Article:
Today I consider to be my first, true experience with aerobatics. Oh sure, I took a .8 hour ride in a Pitts 17 years ago and Bill showed me a loop, roll, and hammerhead turn on my first flight with him. But today I actually flew aerobatics!!
It all started about a year ago. I happened to be at the airport on a Saturday morning when I saw Bill’s hangar open and the Pitts waiting patiently inside. I couldn’t resist and uncharacteristically intruded on he and his student by asking to take some pictures. Bill said sure, offered to roll his airplane out into the brilliant fall sun, and also pointed out there were four more Pitts in the open hangar next door. I couldn’t have been more excited. That was my first introduction to Bill. That morning I also met another Pitts pilot named Dan. He was working on his plane and was very open to my questions and interest, sharing great enthusiasm for both aerobatics and the airplane. I don’t know if I made a pest of myself but I was thrilled when he answered my question about a ride with solid encouragement. We tried to match schedules off and on for almost a year. Today we made it work.
I didn’t want to be a bother and offered to just ride along while he practiced his routine. Fortunately he is a wise aerobatic pilot and knew I wouldn’t make it through his routine feeling well. (I was scheduled to fly with Bill right after.) He explained we would use a 10-point system, with 10 being how I felt right then, to keep track of when it was time to quit. After each maneuver I would give him the number according to how I was feeling. We did a briefing covering the plane, parachute, canopy release, etc. and planned that Dan would show me some basics and let me fly. Now we’re talking! Remember, at this point I have a couple hours dual-received instruction in the Pitts with Bill but even just touching the controls and flying straight-and-level is exciting. Imagine my excitement at getting to fly actual aerobatics!!
Once in the practice area we got oriented with ground references and climbed to practice altitude. Dan would demonstrate a maneuver with me following him lightly on the controls then I would fly a few while he critiqued. We did loops, half Cuban Eights, and Immelmans. After each one Dan would check how I was feeling. Big surprise; I was feeling great!
Like most aerobatic forms the loop is easy to fly and hard to fly well. (This simple fact is what I find irresistibly compelling about flying in general and aerobatics specifically. It takes a relatively short time to learn and a lifetime to master.) But the loop is important because it forms the basis for so many other maneuvers.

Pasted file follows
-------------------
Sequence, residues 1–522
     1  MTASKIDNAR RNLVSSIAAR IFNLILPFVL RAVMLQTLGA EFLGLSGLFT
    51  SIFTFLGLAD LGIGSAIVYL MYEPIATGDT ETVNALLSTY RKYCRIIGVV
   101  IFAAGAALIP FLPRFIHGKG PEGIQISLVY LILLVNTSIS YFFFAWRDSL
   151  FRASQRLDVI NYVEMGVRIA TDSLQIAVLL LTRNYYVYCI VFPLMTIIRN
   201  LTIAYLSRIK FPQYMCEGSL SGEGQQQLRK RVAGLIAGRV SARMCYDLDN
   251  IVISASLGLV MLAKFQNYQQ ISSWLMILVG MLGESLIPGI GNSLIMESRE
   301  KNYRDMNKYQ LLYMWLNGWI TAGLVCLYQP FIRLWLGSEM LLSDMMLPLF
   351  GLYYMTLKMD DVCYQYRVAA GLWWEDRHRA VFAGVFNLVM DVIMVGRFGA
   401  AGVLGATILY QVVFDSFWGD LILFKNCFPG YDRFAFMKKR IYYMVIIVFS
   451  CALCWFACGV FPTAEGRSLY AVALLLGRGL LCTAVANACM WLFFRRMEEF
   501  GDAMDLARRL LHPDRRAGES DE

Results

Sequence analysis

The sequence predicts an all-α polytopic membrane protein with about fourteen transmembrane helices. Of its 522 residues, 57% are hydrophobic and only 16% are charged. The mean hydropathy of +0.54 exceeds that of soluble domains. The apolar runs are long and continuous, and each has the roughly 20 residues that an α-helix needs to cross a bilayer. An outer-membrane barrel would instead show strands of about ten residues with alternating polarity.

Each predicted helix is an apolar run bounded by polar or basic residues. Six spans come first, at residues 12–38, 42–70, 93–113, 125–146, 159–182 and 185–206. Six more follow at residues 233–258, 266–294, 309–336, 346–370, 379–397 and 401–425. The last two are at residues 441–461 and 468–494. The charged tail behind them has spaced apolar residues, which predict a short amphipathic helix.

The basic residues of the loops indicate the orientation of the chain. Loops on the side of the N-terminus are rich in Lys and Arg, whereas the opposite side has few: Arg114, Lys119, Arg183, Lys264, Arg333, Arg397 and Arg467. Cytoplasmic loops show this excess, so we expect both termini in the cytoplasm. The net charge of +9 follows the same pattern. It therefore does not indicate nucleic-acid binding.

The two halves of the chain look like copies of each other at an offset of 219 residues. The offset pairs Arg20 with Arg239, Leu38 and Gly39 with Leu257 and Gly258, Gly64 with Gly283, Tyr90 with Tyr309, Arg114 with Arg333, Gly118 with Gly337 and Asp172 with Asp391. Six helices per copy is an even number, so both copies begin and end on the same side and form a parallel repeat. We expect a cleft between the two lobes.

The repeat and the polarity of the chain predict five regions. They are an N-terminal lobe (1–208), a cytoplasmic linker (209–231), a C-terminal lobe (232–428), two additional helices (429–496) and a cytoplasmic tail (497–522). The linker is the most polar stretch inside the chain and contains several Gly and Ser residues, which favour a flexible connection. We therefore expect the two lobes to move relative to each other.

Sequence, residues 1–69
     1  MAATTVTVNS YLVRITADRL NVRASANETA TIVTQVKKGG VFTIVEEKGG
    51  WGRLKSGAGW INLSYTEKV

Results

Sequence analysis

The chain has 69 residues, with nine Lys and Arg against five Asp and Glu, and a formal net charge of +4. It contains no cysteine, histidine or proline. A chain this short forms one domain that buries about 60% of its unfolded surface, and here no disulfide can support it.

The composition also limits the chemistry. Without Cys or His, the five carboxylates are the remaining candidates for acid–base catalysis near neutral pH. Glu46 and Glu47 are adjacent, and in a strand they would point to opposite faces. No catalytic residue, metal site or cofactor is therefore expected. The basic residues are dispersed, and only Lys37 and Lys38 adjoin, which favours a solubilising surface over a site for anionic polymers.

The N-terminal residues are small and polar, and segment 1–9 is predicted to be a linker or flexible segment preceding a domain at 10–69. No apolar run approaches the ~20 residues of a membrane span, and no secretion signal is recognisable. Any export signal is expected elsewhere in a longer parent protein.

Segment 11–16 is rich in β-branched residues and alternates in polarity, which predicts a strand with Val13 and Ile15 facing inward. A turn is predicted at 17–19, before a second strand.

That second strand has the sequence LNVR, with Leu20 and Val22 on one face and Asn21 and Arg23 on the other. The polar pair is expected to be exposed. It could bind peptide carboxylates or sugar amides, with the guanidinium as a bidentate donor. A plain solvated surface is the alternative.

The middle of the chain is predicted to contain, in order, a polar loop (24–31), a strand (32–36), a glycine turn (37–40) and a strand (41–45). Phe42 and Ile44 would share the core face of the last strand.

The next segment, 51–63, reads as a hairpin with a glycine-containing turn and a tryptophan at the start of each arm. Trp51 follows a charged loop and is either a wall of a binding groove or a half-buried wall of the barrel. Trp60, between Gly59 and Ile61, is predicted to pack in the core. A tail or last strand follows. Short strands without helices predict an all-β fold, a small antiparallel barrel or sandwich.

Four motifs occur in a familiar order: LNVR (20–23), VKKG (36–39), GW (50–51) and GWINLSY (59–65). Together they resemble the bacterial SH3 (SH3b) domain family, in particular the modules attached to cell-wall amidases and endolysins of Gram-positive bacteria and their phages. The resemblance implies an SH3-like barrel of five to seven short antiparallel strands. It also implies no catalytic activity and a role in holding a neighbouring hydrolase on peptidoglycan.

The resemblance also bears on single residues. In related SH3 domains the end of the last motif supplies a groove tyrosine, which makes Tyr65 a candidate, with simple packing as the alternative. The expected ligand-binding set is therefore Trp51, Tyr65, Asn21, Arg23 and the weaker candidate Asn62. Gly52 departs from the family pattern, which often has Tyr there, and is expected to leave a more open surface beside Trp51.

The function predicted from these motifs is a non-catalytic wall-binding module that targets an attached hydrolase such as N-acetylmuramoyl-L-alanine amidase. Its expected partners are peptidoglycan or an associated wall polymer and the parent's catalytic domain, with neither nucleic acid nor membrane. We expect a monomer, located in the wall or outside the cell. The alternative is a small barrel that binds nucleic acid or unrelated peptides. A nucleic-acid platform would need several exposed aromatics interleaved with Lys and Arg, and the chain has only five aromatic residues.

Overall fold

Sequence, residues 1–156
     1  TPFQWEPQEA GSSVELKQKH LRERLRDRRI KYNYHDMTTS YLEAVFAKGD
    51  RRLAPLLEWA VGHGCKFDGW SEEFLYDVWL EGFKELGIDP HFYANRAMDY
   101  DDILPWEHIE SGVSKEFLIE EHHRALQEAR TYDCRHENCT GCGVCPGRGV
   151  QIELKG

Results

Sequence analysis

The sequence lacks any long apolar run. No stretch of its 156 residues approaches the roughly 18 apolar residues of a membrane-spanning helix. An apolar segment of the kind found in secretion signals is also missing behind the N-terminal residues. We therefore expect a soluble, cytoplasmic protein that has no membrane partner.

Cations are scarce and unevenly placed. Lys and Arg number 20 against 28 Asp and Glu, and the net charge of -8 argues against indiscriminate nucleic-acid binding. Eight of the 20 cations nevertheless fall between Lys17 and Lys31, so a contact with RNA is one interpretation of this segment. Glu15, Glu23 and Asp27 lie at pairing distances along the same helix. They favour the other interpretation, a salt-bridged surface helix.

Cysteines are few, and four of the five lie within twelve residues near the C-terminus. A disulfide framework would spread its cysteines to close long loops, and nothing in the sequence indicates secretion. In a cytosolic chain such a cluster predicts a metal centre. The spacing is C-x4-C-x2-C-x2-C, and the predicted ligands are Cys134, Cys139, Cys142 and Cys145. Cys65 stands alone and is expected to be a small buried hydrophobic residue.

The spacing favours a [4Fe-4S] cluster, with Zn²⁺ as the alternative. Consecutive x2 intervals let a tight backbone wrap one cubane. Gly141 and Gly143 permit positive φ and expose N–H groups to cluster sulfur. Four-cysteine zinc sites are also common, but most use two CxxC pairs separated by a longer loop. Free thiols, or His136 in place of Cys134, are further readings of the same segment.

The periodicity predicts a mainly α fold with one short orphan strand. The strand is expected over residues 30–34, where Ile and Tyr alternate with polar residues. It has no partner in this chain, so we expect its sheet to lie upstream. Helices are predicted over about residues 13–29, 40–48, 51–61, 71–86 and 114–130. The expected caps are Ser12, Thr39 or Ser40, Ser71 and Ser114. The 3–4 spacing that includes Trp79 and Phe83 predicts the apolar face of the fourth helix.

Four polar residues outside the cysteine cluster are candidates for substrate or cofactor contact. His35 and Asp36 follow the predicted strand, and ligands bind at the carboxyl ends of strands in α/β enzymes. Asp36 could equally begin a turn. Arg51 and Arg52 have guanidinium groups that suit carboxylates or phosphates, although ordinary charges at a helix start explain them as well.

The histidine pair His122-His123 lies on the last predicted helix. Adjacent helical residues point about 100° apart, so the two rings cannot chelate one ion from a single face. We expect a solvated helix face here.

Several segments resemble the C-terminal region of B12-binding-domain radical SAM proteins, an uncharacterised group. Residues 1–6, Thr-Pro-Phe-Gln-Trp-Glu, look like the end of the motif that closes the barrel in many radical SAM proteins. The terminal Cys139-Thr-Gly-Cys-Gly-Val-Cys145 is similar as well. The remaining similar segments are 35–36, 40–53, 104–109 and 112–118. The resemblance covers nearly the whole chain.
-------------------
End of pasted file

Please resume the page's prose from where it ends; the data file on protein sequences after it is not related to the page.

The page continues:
He had me start with a hard 4G pull from level flight, while looking through the sighting device on the left wing. This is a simple wire structure with spokes making it easy to see both angle on the horizon and lateral position of the wing. Keeping it stable on a point of the horizon is the goal, since that means the airplane is moving in a circle along a consistent vertical plane in space and not wobbling. This tracking is controlled by the rudder but the pressures change at different points of the loop. At the initial pull up some left rudder is needed to counteract the gyroscopic force of the spinning propeller, approaching vertical the P-factor has more affect than the gyroscopic affect and some right rudder is needed. Approaching inverted and for the remainder of the loop left rudder is brought back in again. The forces are small but very noticeable in their absence. I’m only just starting to understand the nuance and hope to get the chance to keep learning more soon! Almost every aerobatic maneuver has dozens of subtle control inputs required to make it work. From the outside everything looks so easy and simple, when the fascinating reality is there’s a ton going on and a thousand minute judgments to be made every moment.
The Half Cuban Eight starts just like a loop but instead of continuing down the back side, we stop the loop and fly an inverted 45 degree down line. In that line we half-roll to upright and then pull out of the dive. (A full Cuban Eight would then pull back up into the same maneuver again in the opposite direction.) It was a great novel feeling hanging on the seatbelts on the inverted 45 down line. I got excited and rushed the half-roll and the ending pull to level. Dan tried to get me to relax and draw the lines before and after the half-roll. These are factors aerobatic judges take into account in competition.
The Immelman starts with a half loop but then stopping the loop at the top and exiting inverted, followed by a half-roll to upright.
By this time I was still feeling like multiple-10’s but Dan was wiser than that. He demonstrated a hammerhead turn then we headed home. My grin was a mile wide even as the adrenaline started dissipating and I found myself a solid 8 on the short ride back to Lee. In fact, I waited a while after we landed and had lunch before going flying with Bill. As it turned out I was still pretty tired and it was evident in my flying. Thanks again go out to Dan for the insight and wisdom to stop when we did. I’m sure I would have pushed on, had a great time, but then been completely unfit to fly with Bill. “Everything in its time.”
I can’t wait for my next taste of aerobatics. I’m pretty sure there is no going back from here.
Thank you Dan!!